Craniofacial anthropometry plays an important role in facial structure. This review paper evaluates existing research surrounding population norms of studied facial parameters. The purpose is two-fold: (1) to determine variations in facial measurements due to demi-group or ethnic variations based on traditional (direct) caliper based and image based (indirect) anthropometric methods. (2) to compare where possible, measured facial parameters between referenced studies. Inter and intra-population variations in addition to sexual dimorphism of facial parameters such as the nose and eyes, singularly or in combination with one another, have been concluded. Ocular measurements have exhibited ethnic variations between males and females of the Saudi, Turkish, Egyptian and Iranian group. Moreover, demic variations are reported when the native language has been used a key criterion. It has been concluded that with the current state of migration and inter-demic marriages, the study of homogenous populations will prove difficult. Subsequently, this will result in ambiguous physical traits that are not representative for any one demic or ethnic population. In this paper, results for the following adult male and female populations have been discussed: African American, Azerbaijani, Caribbean, Chinese, Croatian, Egyptian, Italian, Iranian, Turkish, Saudi Arabian, Syrian and South African. The qualitative research presented serves as a knowledge base for learners and strikes up thought provoking concepts about the direction anthropometrical research is heading.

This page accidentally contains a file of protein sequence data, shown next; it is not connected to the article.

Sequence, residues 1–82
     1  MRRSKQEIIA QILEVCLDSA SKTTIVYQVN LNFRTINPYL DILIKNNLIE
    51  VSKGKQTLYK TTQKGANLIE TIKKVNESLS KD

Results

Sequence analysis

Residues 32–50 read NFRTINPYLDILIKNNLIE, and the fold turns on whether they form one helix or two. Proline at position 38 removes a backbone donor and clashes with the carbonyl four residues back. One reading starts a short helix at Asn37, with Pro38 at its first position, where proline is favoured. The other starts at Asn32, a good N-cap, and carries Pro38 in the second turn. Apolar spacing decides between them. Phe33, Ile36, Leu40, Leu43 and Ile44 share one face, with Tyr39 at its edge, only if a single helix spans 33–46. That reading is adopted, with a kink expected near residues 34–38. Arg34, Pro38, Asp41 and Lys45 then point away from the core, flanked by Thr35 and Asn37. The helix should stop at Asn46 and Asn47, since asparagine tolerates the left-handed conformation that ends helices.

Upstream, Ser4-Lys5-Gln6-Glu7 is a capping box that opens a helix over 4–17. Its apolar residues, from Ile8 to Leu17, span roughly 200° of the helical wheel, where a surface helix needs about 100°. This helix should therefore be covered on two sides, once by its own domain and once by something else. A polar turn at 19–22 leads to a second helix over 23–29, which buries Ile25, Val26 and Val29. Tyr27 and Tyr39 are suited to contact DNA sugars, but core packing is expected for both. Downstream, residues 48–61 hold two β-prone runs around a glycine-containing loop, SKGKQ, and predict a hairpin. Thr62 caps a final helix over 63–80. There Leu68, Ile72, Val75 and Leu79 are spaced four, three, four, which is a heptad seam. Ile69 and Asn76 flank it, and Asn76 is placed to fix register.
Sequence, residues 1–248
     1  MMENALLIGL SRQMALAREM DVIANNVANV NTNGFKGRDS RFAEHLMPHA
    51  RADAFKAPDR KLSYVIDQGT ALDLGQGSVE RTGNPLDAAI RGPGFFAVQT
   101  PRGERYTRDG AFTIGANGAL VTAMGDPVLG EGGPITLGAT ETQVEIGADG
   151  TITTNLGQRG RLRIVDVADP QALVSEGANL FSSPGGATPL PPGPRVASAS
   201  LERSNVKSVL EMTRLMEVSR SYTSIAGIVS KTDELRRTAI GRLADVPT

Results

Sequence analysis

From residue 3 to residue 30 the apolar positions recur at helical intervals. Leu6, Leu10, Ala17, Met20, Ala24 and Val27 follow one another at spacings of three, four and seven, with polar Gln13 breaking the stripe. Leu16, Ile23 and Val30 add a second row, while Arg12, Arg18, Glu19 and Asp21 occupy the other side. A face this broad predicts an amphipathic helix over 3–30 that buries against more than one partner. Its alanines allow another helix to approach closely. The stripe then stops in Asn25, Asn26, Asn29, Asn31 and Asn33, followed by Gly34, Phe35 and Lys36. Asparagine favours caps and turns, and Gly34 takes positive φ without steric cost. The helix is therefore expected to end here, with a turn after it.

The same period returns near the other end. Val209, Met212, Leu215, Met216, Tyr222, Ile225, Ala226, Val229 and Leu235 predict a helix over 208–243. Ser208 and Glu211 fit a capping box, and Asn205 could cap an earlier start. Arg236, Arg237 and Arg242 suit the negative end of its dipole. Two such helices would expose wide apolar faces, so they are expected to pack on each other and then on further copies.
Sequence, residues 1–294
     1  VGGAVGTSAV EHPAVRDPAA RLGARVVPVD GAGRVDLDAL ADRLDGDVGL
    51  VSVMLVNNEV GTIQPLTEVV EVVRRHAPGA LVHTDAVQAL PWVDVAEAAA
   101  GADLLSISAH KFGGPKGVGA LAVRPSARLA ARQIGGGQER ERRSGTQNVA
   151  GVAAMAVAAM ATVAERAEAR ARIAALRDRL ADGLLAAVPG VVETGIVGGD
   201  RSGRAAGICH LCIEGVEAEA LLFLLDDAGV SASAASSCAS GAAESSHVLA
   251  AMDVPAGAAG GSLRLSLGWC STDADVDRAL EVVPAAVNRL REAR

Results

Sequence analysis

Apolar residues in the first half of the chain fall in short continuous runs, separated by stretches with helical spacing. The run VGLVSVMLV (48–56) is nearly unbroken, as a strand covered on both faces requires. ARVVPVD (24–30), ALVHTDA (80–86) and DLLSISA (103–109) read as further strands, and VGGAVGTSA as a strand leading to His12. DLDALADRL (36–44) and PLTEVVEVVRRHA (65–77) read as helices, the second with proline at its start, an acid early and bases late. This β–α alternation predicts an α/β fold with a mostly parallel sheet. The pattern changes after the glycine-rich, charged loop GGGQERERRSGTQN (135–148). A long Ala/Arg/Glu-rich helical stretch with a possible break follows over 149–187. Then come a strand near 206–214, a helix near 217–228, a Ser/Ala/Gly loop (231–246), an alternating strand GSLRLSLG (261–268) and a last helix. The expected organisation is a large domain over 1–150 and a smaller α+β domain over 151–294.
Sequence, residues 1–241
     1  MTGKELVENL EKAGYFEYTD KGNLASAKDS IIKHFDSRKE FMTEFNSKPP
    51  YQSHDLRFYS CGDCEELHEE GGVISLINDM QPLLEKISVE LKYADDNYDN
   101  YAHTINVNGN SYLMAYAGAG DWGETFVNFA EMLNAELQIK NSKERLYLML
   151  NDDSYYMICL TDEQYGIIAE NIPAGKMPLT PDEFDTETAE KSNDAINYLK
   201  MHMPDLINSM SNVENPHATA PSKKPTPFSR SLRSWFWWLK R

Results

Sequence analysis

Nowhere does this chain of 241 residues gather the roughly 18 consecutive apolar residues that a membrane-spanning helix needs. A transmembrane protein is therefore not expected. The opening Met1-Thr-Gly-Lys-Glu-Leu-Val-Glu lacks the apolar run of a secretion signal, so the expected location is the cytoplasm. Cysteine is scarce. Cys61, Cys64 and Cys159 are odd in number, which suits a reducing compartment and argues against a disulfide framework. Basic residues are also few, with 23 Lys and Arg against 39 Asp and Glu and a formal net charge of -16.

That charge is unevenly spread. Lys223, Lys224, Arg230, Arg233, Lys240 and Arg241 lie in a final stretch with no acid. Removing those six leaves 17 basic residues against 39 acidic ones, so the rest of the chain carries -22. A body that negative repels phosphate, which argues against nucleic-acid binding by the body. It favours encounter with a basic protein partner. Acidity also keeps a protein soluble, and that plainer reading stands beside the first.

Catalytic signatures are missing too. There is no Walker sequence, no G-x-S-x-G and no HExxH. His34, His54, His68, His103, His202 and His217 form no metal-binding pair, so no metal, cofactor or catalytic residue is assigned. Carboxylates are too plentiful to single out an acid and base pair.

• Being working class in the academy

    Craddock, P.W.; Archer, V.; Binns, Carole L.; Coogan, R.; Johnston, C. (2018-10)
    While widening access is high on universities' agendas at undergraduate level, class barriers still prevail in the academy. Here, ... working-class scholars describe their experiences of 'otherness'
  • A meta-framework for designing open data studies in psychology: ethical and practical issues of open qualitative data sets

    Branney, Peter; Reid, K.; Frost, N.; Coan, S.; Mathieson, A.; Woolhouse, M. (2019)
    To date, open science, and particularly open data, in Psychology, has focused on quantitative research. This paper aims to explore ethical and practical issues encountered by UK-based psychologists utilising open qualitative datasets. Semi-structured telephone interviews with eight qualitative psychologists were explored using a framework analysis. From the findings, we offer a context-consent meta-framework as a resource to help in the design of studies sharing their data and/or studies using open data. We recommend ‘secondary’ studies conduct archaeologies of context and consent to examine if the data available is suitable for their research questions. This research is the first we know of in the study of ‘doing’ (or not doing) open science, which could be repeated to develop a longitudinal picture or complemented with additional approaches, such as observational studies of how context and consent are negotiated in pre-registered studies and open data.